MDs Link Calcium Deposits in Woman’s Brain to Her Hypoparathyroidism
An 86-year-old woman with hypoparathyroidism and progressive cognitive deficits was found to have calcium deposits in both hemispheres of her brain, according to a case report.
The study, “Hypoparathyroidism Associated with Vascular Centrum Semiovale Calcifications,” was reported in the journal Annals of Neurology.
Hypoparathyroidism is typically associated with low calcium levels in the blood, a result of the deficiency in parathyroid hormone in these patients.
Here, doctors in France reported the case of a woman who was recently found to have low levels of parathyroid hormone — less than 1 nanogram (ng) per liter, when the normal range is 15 to 88 ng/L — indicative of hypoparathyroidism of unknown cause. This was found after measurements showing low blood calcium (1.45 millimoles/L, whereas the normal range is 2.2–2.55 mmol/L).
Despite a correction of the low calcium, the patient still had persistent cognitive deficit. A CT scan found calcifications (calcium deposits) in the centrum semiovale, a brain area of white matter containing nerve fibers underneath the outermost layer of the brain, and in clusters of neurons in the cerebellum.
No calcifications were found in the basal ganglia, a group of structures responsible for motor control, motor learning, and cognitive skills. However, “basal ganglia calcification, and not white matter calcification, has been reported to be associated with hypoparathyroidism,” the doctors wrote.
In this patient, the calcifications were attributed to the woman’s hypoparathyroidism, a rare association called Fahr syndrome. Although Fahr syndrome is typically characterized by basal ganglia involvement, the researchers noted that the originally reported case of the syndrome also did not have calcifications in the basal ganglia.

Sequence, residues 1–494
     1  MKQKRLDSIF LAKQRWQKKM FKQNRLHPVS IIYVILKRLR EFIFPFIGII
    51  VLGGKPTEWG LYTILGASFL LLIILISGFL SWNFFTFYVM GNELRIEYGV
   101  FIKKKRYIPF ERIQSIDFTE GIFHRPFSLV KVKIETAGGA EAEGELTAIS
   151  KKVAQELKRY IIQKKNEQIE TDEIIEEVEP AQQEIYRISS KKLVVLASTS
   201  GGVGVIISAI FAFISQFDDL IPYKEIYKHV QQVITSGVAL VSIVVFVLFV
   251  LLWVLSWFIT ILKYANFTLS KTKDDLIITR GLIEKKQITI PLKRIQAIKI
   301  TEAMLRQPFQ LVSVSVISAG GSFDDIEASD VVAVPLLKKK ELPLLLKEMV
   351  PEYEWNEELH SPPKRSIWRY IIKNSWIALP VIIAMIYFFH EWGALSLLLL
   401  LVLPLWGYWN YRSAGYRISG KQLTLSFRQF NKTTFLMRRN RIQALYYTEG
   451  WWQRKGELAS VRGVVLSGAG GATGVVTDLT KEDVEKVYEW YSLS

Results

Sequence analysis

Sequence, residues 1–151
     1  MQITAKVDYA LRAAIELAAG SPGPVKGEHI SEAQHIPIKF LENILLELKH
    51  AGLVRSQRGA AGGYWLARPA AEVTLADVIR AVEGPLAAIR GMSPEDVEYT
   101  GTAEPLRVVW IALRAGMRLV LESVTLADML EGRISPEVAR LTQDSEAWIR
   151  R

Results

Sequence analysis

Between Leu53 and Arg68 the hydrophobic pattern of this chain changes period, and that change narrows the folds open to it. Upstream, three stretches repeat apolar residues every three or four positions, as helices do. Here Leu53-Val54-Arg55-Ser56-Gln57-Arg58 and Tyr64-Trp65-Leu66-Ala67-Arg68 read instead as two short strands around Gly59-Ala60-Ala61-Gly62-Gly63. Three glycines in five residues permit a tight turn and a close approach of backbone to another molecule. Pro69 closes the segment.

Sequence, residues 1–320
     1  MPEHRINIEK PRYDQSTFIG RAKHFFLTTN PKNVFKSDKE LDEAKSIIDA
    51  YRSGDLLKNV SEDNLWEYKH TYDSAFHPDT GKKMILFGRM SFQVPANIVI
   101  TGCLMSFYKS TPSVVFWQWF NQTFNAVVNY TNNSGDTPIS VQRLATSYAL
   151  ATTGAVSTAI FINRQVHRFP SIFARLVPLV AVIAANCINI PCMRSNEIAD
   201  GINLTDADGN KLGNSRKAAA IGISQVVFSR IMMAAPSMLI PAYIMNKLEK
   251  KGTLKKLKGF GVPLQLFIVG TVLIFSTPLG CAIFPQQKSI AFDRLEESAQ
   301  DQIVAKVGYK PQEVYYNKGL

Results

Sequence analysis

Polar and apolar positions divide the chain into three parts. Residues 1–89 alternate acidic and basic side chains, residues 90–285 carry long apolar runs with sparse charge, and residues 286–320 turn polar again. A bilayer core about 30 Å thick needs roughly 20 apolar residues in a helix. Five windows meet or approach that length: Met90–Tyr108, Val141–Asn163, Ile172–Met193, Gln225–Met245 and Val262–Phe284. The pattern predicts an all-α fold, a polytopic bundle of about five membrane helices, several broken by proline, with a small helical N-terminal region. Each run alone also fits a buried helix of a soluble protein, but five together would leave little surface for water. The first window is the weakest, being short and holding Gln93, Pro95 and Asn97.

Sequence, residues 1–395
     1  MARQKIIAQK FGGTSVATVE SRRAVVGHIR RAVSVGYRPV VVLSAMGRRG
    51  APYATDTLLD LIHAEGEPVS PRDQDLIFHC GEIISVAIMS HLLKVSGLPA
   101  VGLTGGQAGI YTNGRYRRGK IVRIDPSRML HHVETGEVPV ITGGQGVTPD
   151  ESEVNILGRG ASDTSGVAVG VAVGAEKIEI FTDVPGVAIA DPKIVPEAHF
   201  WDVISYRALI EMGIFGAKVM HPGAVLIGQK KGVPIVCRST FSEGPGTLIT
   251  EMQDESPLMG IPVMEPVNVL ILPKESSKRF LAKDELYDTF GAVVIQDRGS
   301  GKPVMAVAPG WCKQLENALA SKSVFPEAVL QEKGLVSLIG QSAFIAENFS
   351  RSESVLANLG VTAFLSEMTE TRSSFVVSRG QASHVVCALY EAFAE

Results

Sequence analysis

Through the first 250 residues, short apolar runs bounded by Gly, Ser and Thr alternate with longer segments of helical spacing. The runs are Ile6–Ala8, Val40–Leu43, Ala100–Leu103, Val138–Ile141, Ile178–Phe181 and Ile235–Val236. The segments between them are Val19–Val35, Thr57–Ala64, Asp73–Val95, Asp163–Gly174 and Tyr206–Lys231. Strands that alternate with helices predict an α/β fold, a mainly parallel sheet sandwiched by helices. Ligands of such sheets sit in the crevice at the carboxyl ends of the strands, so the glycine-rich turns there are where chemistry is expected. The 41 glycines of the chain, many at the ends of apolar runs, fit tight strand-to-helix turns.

“Fahr’s original report and our patient probably represent rare cases of hypoparathyroidism with predominant (peri)vascular [surrounding blood vessels] white matter calcification without basal ganglia involvement,” they wrote.
The doctors also said that most prior reports of Fahr syndrome did not mention or discuss the location of calcium deposits around blood vessels, unlike their study.
As for the neurological symptoms of the patient, which may include movement disorders, psychiatric symptoms, and cognitive dysfunction, they may be partly due to blood vessel obstruction, the doctors noted. Damage to the blood-brain barrier, which protects the brain while at the same time maintaining constant levels of hormones, nutrients and water, is also among the possible causes, they added.